In the course of my career as a business journalist and in writing this leadership blog, I’ve come across tons of information in print, on video and in-person that cuts to the core of good leadership. Surprisingly little of it has to do with getting an MBA or going through executive training courses.
A lot has to do with “emotional intelligence” and common sense. Indeed, if you scrutinize business school research you find that much of it quantifies the obvious.
So I have curated five simple pointers, gleaned from, as mentioned above, research, videos, and leaders themselves, that can assist in honing your leadership skills. Warning: these sound simple, but they take some effort.
1. Watch where you sit. Seating plans are de rigeur at weddings, banquets – anywhere the host wants to set the tone for an event, because since time immemorial the pecking order is defined by who sits closest to the seat of power (or the salt). Business meetings usually don’t have seating plans; you stake out your power by where you park your body.
Geoffrey James, contributing editor of Inc. says the boss takes “Seat #1,” otherwise known as the head of the table and found at the shortest dimension of the side of the table that is farthest from the door. Allies sit closest to the boss; visitors who may have an opposing agenda sit facing the boss, and their allies sit closest to them. If you sit along the wall you are declaring yourself an observer, as you literally “don’t have a seat at the table.” This is not a good place to be if you plan to make a point during the meeting. And if you’re not the boss, for heaves sake don’t sit in his (or her) place!
2. Leaders eat last. This is actually a military adage, on which ethnographer & leadership expert Simon Sinek, author of Start With Why: How Great Leaders Inspire Everyone to Take Action, expounds in a “99u” talk. Basically, he reminds us that, biological terms, leaders get the first pick of food and other spoils.
But there is a price to pay: when danger is present, the group expects the leader to mitigate all threats even at the expense of his or her personal well-being. Sinek claims inspiration for the team comes when the leader steps back and lets the others precede him in the food line. Translation for the business world: give your team what they need to do their job and get out of the way.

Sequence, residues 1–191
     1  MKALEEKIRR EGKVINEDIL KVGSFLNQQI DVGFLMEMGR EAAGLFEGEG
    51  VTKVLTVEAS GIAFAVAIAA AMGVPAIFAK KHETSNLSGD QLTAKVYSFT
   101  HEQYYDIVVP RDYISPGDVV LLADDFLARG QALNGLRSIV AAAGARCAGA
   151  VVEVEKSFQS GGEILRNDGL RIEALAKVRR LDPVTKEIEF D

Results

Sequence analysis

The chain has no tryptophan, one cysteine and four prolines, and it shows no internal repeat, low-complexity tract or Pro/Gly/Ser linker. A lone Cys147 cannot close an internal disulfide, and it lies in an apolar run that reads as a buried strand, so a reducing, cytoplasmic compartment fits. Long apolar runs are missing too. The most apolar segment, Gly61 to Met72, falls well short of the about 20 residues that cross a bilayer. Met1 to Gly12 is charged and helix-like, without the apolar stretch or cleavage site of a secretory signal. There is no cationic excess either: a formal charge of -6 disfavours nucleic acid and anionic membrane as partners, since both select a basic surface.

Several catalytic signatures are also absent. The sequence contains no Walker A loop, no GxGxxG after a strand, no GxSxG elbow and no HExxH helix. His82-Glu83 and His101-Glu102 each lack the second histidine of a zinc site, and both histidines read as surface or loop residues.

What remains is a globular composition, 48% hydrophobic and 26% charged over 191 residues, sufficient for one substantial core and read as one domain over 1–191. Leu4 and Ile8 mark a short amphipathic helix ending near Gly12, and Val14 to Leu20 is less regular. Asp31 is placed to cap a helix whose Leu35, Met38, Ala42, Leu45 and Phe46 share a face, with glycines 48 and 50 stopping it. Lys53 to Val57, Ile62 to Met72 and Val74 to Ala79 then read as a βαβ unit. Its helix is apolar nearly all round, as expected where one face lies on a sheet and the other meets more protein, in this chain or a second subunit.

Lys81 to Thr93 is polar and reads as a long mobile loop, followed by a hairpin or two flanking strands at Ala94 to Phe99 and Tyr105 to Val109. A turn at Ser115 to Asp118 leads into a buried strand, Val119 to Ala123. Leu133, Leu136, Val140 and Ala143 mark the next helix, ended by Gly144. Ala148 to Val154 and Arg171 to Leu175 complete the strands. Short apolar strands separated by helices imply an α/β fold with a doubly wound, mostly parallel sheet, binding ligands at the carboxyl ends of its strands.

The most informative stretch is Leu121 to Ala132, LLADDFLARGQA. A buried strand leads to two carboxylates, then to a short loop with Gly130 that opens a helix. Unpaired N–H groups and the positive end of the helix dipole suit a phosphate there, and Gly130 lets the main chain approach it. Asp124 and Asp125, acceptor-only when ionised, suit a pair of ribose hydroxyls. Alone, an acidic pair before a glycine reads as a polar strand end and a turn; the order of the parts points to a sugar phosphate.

3. Sound like a leader. So you have to give a speech. Or make a presentation, or preside over an important meeting. How much time do you spend on preparing the content? And then how much rehearsal time do you put in? You know, reading the speech out loud, maybe even recording it, or watching yourself in a mirror while speaking?
In her TED talk, coach Laura Sicola reminds us of research showing that audiences respond more to the way you say something (i.e., delivery, tone of voice, body language) than the actual content or words you use. The lesson here is yes, prepare that content, but don’t try to wing the delivery!
4. You are always leading by example. The “example” is not just when you have to appear in public or before your team, or in a crisis. It is every single working day. It’s what time you show up, what you’re wearing, the mood you appear to be in, whether or not you smile.
You’re always “on,” always in public – rather like Louis XIV who lived his entire day I the public eye of his court, with ceremonies attending his morning ablutions through mealtimes and finally his bedtime preparations. Even when you think no one is watching…they are.
5. Say “yes” when you mean “yes”; “no” when you mean “no,” and get mad on time. This adage was told to me a by one of my first bosses, who, now that I think back on it, may have been going through analysis at the time. By keeping things current you avoid letting situations drag on, unresolved; you learn to accept your feelings or instincts or experience and translate them into decisions; your team knows where they stand (which should either boost their confidence or galvanize them to do better, depending on where it is that they stand), and you will find your work-life balance improves because work issues won’t linger as much.
Warning: it is no easy thing, following these three mandates. You have to watch yourself like a hawk. But it’s worth the effort, and adherence to this advice can spill over in a positive way into the rest of your life.
Finally, never underestimate the value of getting enough sleep. You may never be able to change the (entire) world, but a good night’s sleep will change your perspective enough so that you can at least make a difference.
By Shellie Karabell
There’s been a lot of buzz about a 4-day workweek. But it will be the ‘4 + 1’ workweek that ultimately wins out: 4 days of “work” and 1 day of “learning.” Several forces are converging in a way that point toward the inevitability of this workplace future.
How can leaders help their teams combat change exhaustion — or step out of its clutches? Too often, organizations simply encourage their employees to be resilient, placing the burden of finding ways to feel better solely on individuals. Leaders need to recognize that change exhaustion is not an individual issue, but a collective one that needs to be addressed at the team or organization level.
In this article, the author describes how a concept called tangential immersion can help anyone persevere in a boring task: Through a series of studies with more than 2,000 participants, she and her coauthors found that people often quit boring tasks prematurely because they don’t take up enough of their attention to keep them engaged.